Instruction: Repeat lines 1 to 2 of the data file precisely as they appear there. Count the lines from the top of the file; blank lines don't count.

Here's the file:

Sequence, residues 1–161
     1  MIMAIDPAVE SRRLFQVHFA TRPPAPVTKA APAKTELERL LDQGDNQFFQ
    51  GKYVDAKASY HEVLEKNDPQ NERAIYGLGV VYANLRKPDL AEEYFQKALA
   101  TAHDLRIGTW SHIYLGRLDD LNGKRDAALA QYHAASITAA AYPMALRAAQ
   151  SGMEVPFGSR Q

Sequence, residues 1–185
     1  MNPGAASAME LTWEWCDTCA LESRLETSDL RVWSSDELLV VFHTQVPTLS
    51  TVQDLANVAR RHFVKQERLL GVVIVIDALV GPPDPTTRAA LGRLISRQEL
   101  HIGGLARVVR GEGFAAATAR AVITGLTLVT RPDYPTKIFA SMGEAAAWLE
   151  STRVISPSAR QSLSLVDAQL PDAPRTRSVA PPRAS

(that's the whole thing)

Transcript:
Sequence, residues 1–161
     1  MIMAIDPAVE SRRLFQVHFA TRPPAPVTKA APAKTELERL LDQGDNQFFQ